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Jonathan Jasper (Jack) Sullivan and wife Bertha Phillips Sullivan were married on Jan. 25, 1909 in the home of the bride at Route 1, Selma.
He was 19 and she was 17.
Jack was born May, 22, 1889 on a Johnston County farm near Selma and died in 1976. Bertha was born in Wayne County on Jan. 28, 1891 and died in 1972.
The couple was married for 63 years and the first time they were separated was when she died.
The couple met in 1908 when they were working in a cotton patch on the farm.
After their marriage, the Sullivans spent the rest of their lives farming and raising a family not far from where Jack was born.
When any couple is married for 50 years it is an amazing accomplishment worth celebrating — and this one was no different.
Descendants of Jack and Bertha Sullivan, and there are a bunch of them, gathered last Saturday, Aug. 18 in the North Johnston High School cafeteria in Kenly for the family’s 42nd annual reunion to celebrate, reminisce and recall highlights of their lives, some true, some slightly true, yet mostly fun and always interesting.
The story of Jack and Bertha Sullivan is not unlike any others, but with the help of facts provided in newspaper articles by Smithfield Herald reporters Doris Cannon in 1971 and Mike Parker in the early 1990s and from talking with descendants who attended the recent reunion we now have, as news commentator Paul Harvey called it, “The Rest of The Story.”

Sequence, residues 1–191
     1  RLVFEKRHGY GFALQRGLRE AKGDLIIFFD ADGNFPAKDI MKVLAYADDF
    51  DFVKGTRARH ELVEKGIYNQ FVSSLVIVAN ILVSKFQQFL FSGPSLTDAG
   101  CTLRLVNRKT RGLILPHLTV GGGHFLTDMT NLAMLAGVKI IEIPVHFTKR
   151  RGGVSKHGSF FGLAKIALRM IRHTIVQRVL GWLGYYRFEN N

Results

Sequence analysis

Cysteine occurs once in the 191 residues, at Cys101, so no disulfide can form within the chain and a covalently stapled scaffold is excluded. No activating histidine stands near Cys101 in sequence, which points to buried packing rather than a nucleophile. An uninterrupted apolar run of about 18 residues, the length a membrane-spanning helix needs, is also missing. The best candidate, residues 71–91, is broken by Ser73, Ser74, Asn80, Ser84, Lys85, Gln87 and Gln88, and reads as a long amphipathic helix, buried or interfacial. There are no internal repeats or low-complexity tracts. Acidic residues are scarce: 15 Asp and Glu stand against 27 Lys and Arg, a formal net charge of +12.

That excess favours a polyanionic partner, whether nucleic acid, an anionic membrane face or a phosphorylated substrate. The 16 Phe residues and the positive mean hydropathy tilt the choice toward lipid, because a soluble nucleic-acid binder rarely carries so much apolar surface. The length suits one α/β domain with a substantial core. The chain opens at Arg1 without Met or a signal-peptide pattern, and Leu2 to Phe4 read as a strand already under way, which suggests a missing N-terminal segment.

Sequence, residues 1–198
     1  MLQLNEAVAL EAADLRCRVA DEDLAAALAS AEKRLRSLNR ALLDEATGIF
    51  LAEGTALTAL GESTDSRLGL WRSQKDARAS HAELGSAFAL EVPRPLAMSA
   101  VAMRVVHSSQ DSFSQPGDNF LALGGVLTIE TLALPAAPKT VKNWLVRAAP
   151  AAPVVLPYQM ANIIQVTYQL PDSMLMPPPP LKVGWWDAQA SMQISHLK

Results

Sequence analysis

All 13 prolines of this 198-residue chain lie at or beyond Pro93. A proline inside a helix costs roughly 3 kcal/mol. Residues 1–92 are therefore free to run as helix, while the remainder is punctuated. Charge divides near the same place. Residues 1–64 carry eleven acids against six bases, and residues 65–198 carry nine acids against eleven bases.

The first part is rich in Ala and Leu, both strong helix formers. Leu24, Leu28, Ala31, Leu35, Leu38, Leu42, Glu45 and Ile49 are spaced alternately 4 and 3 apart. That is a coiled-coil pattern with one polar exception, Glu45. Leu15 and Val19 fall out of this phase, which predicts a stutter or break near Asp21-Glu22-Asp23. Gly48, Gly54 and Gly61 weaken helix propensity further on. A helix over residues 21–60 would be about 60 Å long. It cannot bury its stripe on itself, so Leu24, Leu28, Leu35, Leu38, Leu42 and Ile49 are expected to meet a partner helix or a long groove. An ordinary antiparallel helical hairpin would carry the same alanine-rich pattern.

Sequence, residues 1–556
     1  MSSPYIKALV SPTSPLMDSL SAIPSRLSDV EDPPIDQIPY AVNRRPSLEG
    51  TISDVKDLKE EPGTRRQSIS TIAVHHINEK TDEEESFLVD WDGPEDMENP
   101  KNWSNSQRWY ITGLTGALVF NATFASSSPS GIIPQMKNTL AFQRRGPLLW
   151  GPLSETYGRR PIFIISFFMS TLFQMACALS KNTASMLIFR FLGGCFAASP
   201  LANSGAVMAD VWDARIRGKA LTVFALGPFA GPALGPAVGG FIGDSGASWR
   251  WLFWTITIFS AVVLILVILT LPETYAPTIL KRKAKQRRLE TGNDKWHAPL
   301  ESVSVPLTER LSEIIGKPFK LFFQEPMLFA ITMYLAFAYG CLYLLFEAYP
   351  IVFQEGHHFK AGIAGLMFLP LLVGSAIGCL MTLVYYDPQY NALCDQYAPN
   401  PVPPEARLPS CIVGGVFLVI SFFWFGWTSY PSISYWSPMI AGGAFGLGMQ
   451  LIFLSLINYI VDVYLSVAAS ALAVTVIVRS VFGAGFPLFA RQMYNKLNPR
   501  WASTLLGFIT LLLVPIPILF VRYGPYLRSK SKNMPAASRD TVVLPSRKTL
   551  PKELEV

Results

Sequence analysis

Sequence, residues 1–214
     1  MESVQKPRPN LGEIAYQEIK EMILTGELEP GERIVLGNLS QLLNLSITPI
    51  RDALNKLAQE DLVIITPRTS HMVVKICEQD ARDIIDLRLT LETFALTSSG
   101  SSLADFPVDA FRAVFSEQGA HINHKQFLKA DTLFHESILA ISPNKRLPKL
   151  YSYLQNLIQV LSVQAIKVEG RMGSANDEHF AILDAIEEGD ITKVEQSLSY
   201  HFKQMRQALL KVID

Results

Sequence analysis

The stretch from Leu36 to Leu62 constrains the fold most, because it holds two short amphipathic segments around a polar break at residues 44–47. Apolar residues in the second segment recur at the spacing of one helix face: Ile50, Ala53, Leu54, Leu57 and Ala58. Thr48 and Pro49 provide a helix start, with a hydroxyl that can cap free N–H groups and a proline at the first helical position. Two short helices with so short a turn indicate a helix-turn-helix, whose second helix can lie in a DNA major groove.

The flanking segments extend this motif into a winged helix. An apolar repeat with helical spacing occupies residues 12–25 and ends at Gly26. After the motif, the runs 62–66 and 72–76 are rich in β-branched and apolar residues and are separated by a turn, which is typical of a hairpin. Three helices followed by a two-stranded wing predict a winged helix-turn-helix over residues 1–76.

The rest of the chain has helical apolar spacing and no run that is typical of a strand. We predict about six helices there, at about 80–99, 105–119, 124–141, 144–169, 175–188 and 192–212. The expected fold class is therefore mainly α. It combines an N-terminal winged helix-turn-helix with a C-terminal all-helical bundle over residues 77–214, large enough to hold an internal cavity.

The Sullivans had 16 children, nine sons and seven daughters.
All were born in the home, most of them without a doctor being present.
They were, in order, Cretta in 1910, Leland in 1912, Rosa in 1913, Woodrow in 1916, Wilmar in 1918, Joseph in 1919, Dorothy in 1921 and Virginia in 1923.
The second wave included Irving in 1924, Blanche in 1925, C.D. in 1927, Geraldine in 1928, Marverine in 1930, Billy in 1932, Tom in 1934 and Gene in 1938.
All told, Jack and Bertha Sullivan had 16 children spanning a period of 28 years.
Furthermore, they had children in school from 1915 until 1956, more than 40 years.
As son Joseph once said, “We knew another child was on the way when they bundled us off to the neighbors.”
Gene Autry Sullivan, the youngest of the children and the one who organizes the reunion each year, said he was told he was named after legendary cowboy movie star Gene Autry “because his parents had run out of names by then.”
The most amazing fact of all is not only did Jack and Bertha Sullivan celebrate their 50th wedding anniversary, but so did all their 13 children who married along with three grandchildren (so far).
Jack Sullivan, known for his sense of humor, once said in his later years he was happy all his 16 children were “living, married and had fairly good sense.”
Sullivan added if he had it all to do over again he would not change a thing, except “maybe not whup the younguns as much.”
Bertha Sullivan said cooperation was the key to a successful marriage.
During the reunion last weekend the story was told and retold about the time all 16 Sullivan children came to visit their mother while she was in the hospital suffering from a broken shoulder.
As they headed into her room they were stopped by a hospital employee who said, “I’m sorry, only the children are allowed to go in.”
“We ARE the children,” was the unified response, leaving the hospital attendant speechless.
Keith Barnes, a Wilson storyteller and author, is news editor of the Kenly News, where this column originally appeared.